FIG. 2 illustrates the various components of the classifier training subsystem 119, according to one embodiment. The classifier training subsystem 119 trains classifiers based in part on a set of categories and on a set of videos that have been previously authoritatively labeled by an authoritative source as representing one or more of the categories. Therefore, a labeled video is any video that has been identified as belonging to a category. This labeled may be a string, integer, or any such identifier. A video may be labeled with respect to more than one category. A labeled video may mean that it has been identified with respect to a particular category, or that it has been identified as belonging to any category. An unlabeled video, conversely, is any video that has not been identified with respect to a particular category, or that has not been identified with any category. For example, a particular video may be identified with more than one category (e.g., sports and racing), and would be considered to be labeled with respect to those categories. The video would be considered unlabeled with respect to other categories (e.g. dogs and cats). In general, this video may be considered a labeled video. As part of the training process, a module of the classifier training subsystem 119 further identifies additional training sample items, possibly of different media types, for each of the categories in addition to the labeled videos. The different media types for these training items may include—in addition to videos—textual documents such as web pages, audio, and images. Each of the additional samples is identified using one of a set of different techniques, such as identifying co-watched videos or identifying web pages authoritatively labeled as representing a particular category. In one embodiment, co-watched videos are videos played directly before or after one another by the same user. In a different embodiment, co-watched videos are videos that are indirectly played before or after one another by the same user. There may be certain temporal limit, such as all videos watched by one user within five minutes of watching a first video are co-watched with that first video. By supplementing the manually labeled videos with these additional training items, possibly including different media types, a training set of significant size can be created even where the manually labeled videos themselves are relatively few in number, thus increasing the accuracy of the trained classifiers. The combination of the labeled videos and the additional training sample items of different media types then serves as a supplemental training set that is provided as input to a classifier training algorithm. The various modules of the classifier training subsystem 119 process the supplemental training set, thereby training initial classifiers that can automatically categorize videos with a certain degree of accuracy. Output of the classifiers is then combined to train unified classifiers with still higher degrees of accuracy. The training of the unified classifiers is done using a graph algorithm that takes into account the structure of the category graph, including the relationships between neighboring categories (e.g., parent or child categories) in the graph.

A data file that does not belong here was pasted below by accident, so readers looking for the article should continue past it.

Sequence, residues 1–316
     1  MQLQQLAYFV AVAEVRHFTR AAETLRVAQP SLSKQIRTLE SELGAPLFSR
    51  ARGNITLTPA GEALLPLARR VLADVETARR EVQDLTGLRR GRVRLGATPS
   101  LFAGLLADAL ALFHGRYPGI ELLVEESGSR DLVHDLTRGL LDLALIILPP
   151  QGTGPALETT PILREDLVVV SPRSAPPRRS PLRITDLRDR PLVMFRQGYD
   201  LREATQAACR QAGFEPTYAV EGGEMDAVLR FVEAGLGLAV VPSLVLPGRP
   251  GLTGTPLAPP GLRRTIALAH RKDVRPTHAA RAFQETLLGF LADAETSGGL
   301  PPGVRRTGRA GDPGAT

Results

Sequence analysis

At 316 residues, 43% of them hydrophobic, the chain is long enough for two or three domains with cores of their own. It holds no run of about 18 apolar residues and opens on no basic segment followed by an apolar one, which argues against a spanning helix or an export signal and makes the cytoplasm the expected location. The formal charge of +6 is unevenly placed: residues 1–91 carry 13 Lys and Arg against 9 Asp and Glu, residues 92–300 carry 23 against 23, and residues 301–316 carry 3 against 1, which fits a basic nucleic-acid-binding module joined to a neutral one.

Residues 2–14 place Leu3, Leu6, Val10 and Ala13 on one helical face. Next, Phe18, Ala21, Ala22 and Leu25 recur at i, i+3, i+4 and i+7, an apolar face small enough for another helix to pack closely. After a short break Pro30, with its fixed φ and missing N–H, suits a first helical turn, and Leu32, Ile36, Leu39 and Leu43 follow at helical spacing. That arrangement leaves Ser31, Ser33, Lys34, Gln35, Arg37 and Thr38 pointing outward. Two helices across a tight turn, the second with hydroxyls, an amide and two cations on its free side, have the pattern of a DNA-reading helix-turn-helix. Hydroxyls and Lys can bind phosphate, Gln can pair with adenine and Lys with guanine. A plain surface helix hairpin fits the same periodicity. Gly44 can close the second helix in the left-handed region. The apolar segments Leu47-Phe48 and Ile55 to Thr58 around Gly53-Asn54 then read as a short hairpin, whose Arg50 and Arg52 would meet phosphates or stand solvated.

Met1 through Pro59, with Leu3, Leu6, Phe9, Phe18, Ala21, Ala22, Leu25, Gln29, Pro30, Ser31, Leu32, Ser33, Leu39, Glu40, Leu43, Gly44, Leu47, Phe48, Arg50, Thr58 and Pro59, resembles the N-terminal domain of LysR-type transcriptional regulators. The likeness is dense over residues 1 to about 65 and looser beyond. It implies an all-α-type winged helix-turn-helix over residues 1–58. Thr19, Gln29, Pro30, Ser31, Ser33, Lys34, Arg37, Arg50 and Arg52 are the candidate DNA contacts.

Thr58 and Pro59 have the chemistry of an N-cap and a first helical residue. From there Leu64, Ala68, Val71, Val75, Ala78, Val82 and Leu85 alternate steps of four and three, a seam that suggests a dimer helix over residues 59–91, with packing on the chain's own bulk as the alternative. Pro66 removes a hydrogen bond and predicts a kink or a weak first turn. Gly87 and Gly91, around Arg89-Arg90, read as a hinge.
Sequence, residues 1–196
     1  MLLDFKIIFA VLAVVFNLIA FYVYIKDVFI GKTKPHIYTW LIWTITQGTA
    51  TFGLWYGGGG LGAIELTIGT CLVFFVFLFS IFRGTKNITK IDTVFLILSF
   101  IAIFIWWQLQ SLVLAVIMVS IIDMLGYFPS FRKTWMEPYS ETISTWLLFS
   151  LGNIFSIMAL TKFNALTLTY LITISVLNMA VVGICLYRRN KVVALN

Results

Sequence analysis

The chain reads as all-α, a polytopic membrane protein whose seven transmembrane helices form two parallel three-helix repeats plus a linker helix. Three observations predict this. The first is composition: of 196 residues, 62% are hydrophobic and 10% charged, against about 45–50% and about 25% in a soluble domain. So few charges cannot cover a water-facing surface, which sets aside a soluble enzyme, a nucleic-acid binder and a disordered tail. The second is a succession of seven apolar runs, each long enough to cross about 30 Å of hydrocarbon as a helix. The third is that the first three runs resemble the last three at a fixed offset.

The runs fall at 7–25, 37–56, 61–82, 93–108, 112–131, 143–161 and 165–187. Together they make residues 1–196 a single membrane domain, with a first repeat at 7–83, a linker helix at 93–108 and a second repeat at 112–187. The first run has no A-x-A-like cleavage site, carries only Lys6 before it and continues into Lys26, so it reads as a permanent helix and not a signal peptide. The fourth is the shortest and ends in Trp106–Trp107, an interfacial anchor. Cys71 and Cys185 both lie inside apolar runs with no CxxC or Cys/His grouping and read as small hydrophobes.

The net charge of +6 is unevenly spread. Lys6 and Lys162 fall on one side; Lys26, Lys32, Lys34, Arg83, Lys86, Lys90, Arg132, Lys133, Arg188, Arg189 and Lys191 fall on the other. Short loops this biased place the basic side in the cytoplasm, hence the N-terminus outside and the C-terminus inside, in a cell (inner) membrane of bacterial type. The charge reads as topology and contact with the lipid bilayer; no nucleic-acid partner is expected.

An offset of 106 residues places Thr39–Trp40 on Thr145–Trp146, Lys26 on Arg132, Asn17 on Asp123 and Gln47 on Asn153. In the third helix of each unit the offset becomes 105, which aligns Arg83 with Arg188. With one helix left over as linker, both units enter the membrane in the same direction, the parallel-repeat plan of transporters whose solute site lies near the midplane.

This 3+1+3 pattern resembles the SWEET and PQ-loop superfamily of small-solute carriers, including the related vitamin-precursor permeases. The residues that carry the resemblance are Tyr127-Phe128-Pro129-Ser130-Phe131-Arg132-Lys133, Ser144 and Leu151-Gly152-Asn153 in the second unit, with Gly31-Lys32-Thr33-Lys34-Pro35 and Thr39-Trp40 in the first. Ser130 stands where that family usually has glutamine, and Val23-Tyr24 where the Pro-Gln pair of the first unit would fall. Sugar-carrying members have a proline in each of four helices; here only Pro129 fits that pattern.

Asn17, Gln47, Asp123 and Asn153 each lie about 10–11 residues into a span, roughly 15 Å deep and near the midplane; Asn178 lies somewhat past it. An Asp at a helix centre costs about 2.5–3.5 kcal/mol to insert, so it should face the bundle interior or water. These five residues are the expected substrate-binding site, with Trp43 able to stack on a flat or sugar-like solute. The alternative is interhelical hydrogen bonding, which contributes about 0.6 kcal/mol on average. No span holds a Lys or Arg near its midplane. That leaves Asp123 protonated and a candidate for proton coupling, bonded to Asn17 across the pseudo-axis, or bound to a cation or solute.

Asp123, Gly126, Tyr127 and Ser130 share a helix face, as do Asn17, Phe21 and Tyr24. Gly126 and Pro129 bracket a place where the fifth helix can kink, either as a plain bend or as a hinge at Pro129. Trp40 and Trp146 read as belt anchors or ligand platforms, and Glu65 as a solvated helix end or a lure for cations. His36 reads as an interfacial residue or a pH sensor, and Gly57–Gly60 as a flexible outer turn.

More specifically, the classifier training subsystem 119 stores a predefined category set 205 representing different possible categories that a video could represent, such as “Sports,” “Tennis,” “Gymnastics,” “Arts & Entertainment,” “Movies,” “TV & Video,” and the like. The various categories of the category set 205 have some relationship with one or more other categories in the set, such that the set can be represented as a category graph, each node of the graph being a category, and edges between the nodes representing some relationship between the categories represented by the nodes connected by the edge. In one embodiment, the category set 205 is more specifically a taxonomy in which the categories of the graph are arranged hierarchically as a taxonomy tree, with categories being more general parents and/or more specialized children of other categories. For instance, referring to the example categories above, “Sports” could be a top-level parent category with child categories “Tennis” and “Gymnastics,” and “Arts & Entertainment” could be another top-level category with child categories “Movies” and “TV & Video.” The child categories may in turn have their own child categories. In general, the taxonomy may have any number of levels of any breadth or depth. In another embodiment, the category set 205 is non-hierarchical, with the nodes of the graph arbitrarily connected.

A category can be represented in various manners as would be appreciated by one of skill in the art, such as a textual label (e.g., the string “Sports”) and an associated unique shorthand numerical identifier (e.g., 1). A video can be said to represent a category if the video contains some semantically understandable representation of the category within the video content itself. For example, a video represents a category “Tennis” if (for instance) there are scenes of a tennis match within the visual content of the video. A video can represent many different categories (e.g., both “Sports” and “News”), but users typically are interested in what may be considered the most salient category for the video.